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Inside the Lives of Georgia’s Child Brides

With girls marrying as young as 12, Georgia has one of the highest rates of child marriage in Europe.

No one really knows for sure how many underage girls are getting married in the country of Georgia.

The United Nations Population Fund has records showing that at least 17 percent of girls in Georgia are married before they’re 18 years old—the nation’s legal age for marriage. But what makes it hard to track is that families sometimes circumvent the law, by holding off on registering the marriage for several years. They hold weddings in rural mosques or churches and consider the couple culturally and religiously married.

Photojournalist Daro Sulakauri grew up in Georgia and remembers one of her classmates getting married when they were both only 12. “I had this disturbed feeling in a way,” she remembers. “I felt like something was wrong. But I didn't understand what it was.”

Those feelings returned to Sulakauri when she began researching women’s issues in Georgia after receiving a grant from the Human Rights House Network. Remembering her classmate, she started asking around about young marriages. Soon after, she received an invitation to a wedding in a small village, and at the end of the celebration, the young bride started to weep.

“It was so hard to tell her feelings,” Sulakauri says. “Was she sad? Was she happy? For me, she was very confused. So that's why I started to realize I really wanted to do a story on this.”

UNICEF calls child marriage “a fundamental violation of human rights,” and Georgia has one of the highest rates of child marriage in Europe. It’s a tradition that goes back centuries and isn’t confined to one region or religion. And while the reasons for the marriages differ from town to town and group to group, there are a few commonalities. The grooms are almost always older, have finished school, and are of legal age. Typically, it’s the groom’s mother who begins the matchmaking process, but Sulakauri has encountered couples who met through friends, in school, or online. And though the girls aren’t necessarily forced into the marriages, cultural pressure is extremely strong.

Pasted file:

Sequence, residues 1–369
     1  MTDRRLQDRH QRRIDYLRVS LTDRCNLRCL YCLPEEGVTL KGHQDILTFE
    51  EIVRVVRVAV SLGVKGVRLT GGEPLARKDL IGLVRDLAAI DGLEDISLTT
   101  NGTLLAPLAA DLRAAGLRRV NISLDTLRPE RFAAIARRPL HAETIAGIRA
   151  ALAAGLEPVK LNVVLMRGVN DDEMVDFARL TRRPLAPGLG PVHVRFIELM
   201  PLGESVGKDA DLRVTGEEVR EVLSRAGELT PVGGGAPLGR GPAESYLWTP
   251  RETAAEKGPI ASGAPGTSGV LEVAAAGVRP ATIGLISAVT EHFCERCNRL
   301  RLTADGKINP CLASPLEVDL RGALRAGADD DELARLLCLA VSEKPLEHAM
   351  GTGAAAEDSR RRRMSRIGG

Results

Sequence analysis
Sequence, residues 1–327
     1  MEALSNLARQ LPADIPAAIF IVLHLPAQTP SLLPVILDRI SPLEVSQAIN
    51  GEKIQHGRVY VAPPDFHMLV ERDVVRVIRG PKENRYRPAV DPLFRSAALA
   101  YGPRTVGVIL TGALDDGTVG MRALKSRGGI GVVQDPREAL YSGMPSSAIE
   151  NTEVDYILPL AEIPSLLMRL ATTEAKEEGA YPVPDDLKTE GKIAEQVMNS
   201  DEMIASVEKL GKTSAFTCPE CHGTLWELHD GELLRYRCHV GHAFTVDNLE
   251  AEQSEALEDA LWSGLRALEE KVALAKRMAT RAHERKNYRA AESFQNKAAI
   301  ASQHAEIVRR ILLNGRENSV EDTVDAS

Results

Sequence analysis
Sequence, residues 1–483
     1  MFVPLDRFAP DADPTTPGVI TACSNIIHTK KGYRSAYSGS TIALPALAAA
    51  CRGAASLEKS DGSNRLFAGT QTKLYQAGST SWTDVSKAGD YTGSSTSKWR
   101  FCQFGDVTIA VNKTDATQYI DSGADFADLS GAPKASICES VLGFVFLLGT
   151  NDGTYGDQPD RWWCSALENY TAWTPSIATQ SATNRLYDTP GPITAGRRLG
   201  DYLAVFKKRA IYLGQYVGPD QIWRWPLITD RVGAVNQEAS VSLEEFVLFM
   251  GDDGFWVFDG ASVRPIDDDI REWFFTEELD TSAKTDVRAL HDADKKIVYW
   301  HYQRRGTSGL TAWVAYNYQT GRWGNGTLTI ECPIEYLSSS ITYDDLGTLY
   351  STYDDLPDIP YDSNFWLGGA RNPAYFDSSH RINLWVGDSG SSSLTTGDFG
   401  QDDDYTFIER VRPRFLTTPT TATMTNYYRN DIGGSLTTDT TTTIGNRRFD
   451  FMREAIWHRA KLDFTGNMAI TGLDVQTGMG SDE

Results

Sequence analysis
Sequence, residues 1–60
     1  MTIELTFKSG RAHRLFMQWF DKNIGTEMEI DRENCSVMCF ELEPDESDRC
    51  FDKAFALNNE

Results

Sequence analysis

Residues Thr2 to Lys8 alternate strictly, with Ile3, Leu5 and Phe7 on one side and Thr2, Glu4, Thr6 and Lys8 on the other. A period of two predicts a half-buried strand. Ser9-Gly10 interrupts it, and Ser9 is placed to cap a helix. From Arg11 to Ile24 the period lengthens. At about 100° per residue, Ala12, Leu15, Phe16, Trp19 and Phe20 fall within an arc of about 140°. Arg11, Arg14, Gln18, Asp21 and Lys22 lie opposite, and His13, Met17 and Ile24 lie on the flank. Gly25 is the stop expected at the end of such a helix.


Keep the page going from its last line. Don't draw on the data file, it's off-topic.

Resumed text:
“They kind of go with the flow,” Sulakauri says. “Because their great-great-grandmother did the same thing, and their grandmother, and their mother got married at a very young age. So they think that it's the way of life, that that's how it's supposed to be.”

The people in Sulakauri’s photos are Georgian Azeris, members of an ethnic and religious minority. One of the child brides she met, Layla, was 12 when she married and was living with her husband’s family. Her story in particular stuck with Sulakauri, who remembers that in their first conversations, Layla was very open. “She had all these dreams about the future, what she wanted to be, like a stylist,” she says. “She wanted to continue education and had all kinds of things that she still wanted to do.”

A year later, Sulakauri reconnected with Layla—and things were different. “She has become a housewife at the age of 13,” she says. “She's not going to go to school, that's for sure. It's kind of over for her in a way.”

And it’s not just dropping out of school that will impact these girls forever. Sex education is virtually nonexistent in Georgia, and Sulakauri says that some girls don’t understand what marriage entails until after the wedding day. A Reproductive Health Survey in 2010 revealed that “some 76.6 [percent] of married women aged 15 to 19 years used no method of modern contraception.” Unsurprisingly, then, many young brides get pregnant soon after the wedding, which can cause all sorts of health complications for their still developing bodies.

When Sulakauri meets these girls, she can’t help but think of her own childhood. “It was very different,” she says. “I was a kid as long as I could be a kid, you know?” If her work can’t grant that same childhood for the brides she photographs, she’s hopeful it could change the future for others.

“I wanted to show people in my country that this was happening. It can lead to change. Maybe they will start talking about it: ‘Maybe this should not happen. Maybe it's too young.’”

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